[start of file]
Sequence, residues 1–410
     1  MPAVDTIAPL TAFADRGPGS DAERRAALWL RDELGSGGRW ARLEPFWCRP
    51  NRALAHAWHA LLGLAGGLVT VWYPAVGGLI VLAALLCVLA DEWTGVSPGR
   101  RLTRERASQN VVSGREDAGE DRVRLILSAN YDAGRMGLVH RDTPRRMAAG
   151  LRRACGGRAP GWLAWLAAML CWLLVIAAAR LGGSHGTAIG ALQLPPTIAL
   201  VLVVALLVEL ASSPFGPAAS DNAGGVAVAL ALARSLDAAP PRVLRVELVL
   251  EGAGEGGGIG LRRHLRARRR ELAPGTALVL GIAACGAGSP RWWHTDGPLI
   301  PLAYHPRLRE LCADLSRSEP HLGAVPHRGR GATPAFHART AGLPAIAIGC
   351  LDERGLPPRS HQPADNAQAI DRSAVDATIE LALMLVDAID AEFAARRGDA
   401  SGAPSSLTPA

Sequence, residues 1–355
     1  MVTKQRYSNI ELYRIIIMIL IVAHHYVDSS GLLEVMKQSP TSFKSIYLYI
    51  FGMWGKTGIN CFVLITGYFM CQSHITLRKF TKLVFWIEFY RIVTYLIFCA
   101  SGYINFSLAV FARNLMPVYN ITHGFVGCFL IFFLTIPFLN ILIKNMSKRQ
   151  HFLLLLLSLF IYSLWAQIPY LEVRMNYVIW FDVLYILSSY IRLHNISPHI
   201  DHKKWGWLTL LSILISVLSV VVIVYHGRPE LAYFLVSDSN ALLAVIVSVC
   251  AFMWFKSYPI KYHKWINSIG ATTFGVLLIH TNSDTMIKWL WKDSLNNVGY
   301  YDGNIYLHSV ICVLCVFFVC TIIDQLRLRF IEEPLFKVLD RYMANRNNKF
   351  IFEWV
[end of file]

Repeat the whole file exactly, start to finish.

Sequence, residues 1–410
     1  MPAVDTIAPL TAFADRGPGS DAERRAALWL RDELGSGGRW ARLEPFWCRP
    51  NRALAHAWHA LLGLAGGLVT VWYPAVGGLI VLAALLCVLA DEWTGVSPGR
   101  RLTRERASQN VVSGREDAGE DRVRLILSAN YDAGRMGLVH RDTPRRMAAG
   151  LRRACGGRAP GWLAWLAAML CWLLVIAAAR LGGSHGTAIG ALQLPPTIAL
   201  VLVVALLVEL ASSPFGPAAS DNAGGVAVAL ALARSLDAAP PRVLRVELVL
   251  EGAGEGGGIG LRRHLRARRR ELAPGTALVL GIAACGAGSP RWWHTDGPLI
   301  PLAYHPRLRE LCADLSRSEP HLGAVPHRGR GATPAFHART AGLPAIAIGC
   351  LDERGLPPRS HQPADNAQAI DRSAVDATIE LALMLVDAID AEFAARRGDA
   401  SGAPSSLTPA

Sequence, residues 1–355
     1  MVTKQRYSNI ELYRIIIMIL IVAHHYVDSS GLLEVMKQSP TSFKSIYLYI
    51  FGMWGKTGIN CFVLITGYFM CQSHITLRKF TKLVFWIEFY RIVTYLIFCA
   101  SGYINFSLAV FARNLMPVYN ITHGFVGCFL IFFLTIPFLN ILIKNMSKRQ
   151  HFLLLLLSLF IYSLWAQIPY LEVRMNYVIW FDVLYILSSY IRLHNISPHI
   201  DHKKWGWLTL LSILISVLSV VVIVYHGRPE LAYFLVSDSN ALLAVIVSVC
   251  AFMWFKSYPI KYHKWINSIG ATTFGVLLIH TNSDTMIKWL WKDSLNNVGY
   301  YDGNIYLHSV ICVLCVFFVC TIIDQLRLRF IEEPLFKVLD RYMANRNNKF
   351  IFEWV